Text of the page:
Cyberbullying Targets Female Students’ Bodies on Facebook

Published on The Daily Femme – Friday, Jan. 21, 2011

Contributed by Annamarya

Earlier this week, WGNTV reported that a student from Oak Park River Forest High School in Illinois will face disciplinary action for allegedly creating and circulating a racially-suggestive list of 50 female students that ranked their body parts on Facebook and throughout his school. According to the article, school officials posted to the OPRHS’ website that the student they identified in the case will not be allowed on campus at this time, and that  instances of bullying and/or cyberbullying can result in “a range of consequences up to and including expulsion.” Additionally, reported WGN, a recent update to the school’s website indicated that the girls listed were reached out to by officials for support, and that the school will also provide continuing support and additional information to families and students in need of such.

Apparently, this isn’t the first incident at this school. In February 2009, a similar list involving a freshman student – “Class of 2012: Top 45″ – circulated and included details and commentary on body parts and sexual experiences.  According to WGNTV piece, Oak Park River Forest High School’s student paper, The Trapeze, reported that this 2009 list also included anti-Semitic and racist remarks. It wasn’t the first of its kind either, as lists on sexually-active girls (”slut” lists) and the most “desirable” girsl (”hit” lists) have circulated in past years, wrote the paper in an editorial. School officials did not say if the student allegedly behind the 2011 list was involved in the 2009 issue.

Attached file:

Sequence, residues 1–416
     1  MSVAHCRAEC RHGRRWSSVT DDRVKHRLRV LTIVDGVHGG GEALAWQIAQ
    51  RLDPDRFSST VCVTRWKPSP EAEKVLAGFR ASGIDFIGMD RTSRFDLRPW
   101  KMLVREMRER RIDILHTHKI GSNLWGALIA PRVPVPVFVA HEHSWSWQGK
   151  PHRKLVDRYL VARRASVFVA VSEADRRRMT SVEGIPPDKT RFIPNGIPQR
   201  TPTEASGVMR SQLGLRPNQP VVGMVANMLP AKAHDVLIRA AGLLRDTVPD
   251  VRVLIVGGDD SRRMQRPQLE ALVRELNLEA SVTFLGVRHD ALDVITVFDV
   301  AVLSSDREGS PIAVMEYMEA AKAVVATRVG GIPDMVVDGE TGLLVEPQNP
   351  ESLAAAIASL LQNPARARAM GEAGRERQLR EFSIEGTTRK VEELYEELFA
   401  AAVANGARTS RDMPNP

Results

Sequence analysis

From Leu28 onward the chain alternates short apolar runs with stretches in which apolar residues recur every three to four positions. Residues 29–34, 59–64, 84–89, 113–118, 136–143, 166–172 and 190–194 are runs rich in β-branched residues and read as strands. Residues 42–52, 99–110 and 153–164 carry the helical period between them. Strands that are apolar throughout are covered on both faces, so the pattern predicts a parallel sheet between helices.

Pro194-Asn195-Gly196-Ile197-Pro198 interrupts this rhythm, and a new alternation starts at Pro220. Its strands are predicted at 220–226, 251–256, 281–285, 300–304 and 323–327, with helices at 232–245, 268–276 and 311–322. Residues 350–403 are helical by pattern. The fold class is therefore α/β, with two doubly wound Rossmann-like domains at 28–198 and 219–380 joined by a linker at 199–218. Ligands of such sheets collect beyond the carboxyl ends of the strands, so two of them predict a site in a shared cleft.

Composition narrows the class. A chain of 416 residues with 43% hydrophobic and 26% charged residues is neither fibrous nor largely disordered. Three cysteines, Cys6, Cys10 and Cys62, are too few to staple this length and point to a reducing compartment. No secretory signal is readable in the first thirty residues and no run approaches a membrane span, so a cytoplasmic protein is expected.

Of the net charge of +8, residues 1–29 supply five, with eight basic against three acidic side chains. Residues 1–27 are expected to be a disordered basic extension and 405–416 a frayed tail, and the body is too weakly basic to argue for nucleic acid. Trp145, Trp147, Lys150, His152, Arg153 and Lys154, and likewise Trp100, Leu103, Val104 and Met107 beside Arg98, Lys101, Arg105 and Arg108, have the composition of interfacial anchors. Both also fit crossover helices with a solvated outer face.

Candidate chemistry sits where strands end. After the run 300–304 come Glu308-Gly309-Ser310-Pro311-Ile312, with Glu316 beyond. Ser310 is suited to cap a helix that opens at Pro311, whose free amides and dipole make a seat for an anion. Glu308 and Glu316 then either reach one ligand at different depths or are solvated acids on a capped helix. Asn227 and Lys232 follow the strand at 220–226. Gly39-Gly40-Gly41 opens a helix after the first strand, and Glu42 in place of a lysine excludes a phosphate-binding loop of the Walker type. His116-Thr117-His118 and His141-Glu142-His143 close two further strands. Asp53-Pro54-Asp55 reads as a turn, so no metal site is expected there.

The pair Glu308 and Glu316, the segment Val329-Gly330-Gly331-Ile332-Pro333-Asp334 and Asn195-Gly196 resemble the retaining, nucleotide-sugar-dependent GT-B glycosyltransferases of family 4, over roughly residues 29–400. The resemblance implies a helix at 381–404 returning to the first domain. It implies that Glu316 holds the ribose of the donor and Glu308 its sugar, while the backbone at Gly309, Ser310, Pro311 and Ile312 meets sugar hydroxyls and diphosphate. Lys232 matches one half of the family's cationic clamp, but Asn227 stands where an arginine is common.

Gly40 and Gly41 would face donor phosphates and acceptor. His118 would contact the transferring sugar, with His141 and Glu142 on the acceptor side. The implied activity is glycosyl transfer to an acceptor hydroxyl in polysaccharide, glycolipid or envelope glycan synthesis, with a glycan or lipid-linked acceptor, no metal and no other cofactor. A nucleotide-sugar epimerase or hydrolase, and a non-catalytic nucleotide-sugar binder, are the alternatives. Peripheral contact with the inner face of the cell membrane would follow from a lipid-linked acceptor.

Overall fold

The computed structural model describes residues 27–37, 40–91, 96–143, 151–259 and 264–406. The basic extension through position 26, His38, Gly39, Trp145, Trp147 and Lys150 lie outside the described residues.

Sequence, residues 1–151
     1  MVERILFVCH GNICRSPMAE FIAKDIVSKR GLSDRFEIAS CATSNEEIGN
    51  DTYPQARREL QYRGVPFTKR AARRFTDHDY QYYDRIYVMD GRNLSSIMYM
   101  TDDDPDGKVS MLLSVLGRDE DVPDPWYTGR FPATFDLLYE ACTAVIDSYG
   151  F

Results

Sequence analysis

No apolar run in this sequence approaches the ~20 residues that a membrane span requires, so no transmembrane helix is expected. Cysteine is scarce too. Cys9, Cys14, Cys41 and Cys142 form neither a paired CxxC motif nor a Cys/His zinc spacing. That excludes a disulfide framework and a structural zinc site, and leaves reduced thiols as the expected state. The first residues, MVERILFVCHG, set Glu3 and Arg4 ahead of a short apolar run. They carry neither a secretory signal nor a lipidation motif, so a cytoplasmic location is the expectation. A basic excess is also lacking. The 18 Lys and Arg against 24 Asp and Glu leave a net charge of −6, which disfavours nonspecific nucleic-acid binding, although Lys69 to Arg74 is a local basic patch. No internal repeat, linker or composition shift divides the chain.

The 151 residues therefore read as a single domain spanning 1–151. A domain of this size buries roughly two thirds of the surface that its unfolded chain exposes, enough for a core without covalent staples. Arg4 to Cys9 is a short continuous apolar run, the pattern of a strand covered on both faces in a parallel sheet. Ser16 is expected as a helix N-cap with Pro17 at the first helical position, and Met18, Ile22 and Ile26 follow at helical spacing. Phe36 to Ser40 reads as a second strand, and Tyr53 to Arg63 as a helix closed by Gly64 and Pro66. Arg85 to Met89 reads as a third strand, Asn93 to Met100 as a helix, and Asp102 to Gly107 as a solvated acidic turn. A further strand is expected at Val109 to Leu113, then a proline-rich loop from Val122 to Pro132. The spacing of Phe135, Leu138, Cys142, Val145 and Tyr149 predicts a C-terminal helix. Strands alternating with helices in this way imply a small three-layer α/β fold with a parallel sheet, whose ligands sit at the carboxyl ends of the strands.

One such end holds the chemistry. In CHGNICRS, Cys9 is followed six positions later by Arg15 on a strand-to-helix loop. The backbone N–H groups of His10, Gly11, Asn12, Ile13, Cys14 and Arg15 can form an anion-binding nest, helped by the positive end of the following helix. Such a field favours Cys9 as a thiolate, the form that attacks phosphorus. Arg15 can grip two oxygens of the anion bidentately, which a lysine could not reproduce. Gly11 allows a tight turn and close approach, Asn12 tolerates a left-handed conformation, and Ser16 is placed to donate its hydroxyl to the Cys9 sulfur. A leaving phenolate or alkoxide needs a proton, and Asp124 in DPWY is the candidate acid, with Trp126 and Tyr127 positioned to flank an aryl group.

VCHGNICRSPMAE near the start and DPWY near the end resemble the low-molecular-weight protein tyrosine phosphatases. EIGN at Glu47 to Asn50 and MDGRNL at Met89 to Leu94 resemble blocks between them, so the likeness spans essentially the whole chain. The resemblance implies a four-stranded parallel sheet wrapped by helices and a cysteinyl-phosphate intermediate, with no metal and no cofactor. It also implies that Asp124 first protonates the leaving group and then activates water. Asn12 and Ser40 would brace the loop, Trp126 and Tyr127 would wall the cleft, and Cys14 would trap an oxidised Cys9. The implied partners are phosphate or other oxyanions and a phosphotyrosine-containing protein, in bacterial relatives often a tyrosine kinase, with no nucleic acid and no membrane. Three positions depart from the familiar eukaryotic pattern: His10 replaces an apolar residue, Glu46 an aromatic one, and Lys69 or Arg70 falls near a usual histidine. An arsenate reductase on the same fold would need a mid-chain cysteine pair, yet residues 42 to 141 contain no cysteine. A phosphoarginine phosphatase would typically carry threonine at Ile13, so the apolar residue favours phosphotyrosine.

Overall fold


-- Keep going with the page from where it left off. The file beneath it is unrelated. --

In the same editorial, The Trapeze wrote the following about the 2009 list:

To subject young women to such distasteful physical and personal criticism, and to impose the hurtful views of one minuscule group of people upon the entirety of the student populace is to inflict a most extreme form of bullying and harassment. It is irrelevant whether these claims were made out of malice or fun. What matters is that such statements were made and that they infringed upon an individual’s most personal sphere: her body. This incident fuels the objectification of female students and reduces the worth of individuals to a single physical attribute. Those who are behind the list should be ashamed of themselves, but those who enabled its percolation throughout OPRF should be similarly ashamed.

The relevancy to an incident two years later is frightening but it still holds meaning, and sums up my thoughts on this list better than I can myself.


One thought on “Cyberbullying Targets Female Students’ Bodies on Facebook

  1. I agree, they should be ashamed, but I doubt they are. We can only hope they mature enough to realize what they did was incredibly wrong, but there is not a way to know. I think they should attend some sort of sensitivity training and perform community service at womens’ shelters. Things like this used to be called slam books or little black books, but as you know, now with the Internet, this stuff goes online for all to see. Deleting it will not necessarily fix it, either, because someone may save it. It makes me glad I graduated when the Internet was still in its beginning stages. Cyberbullying is horrific.

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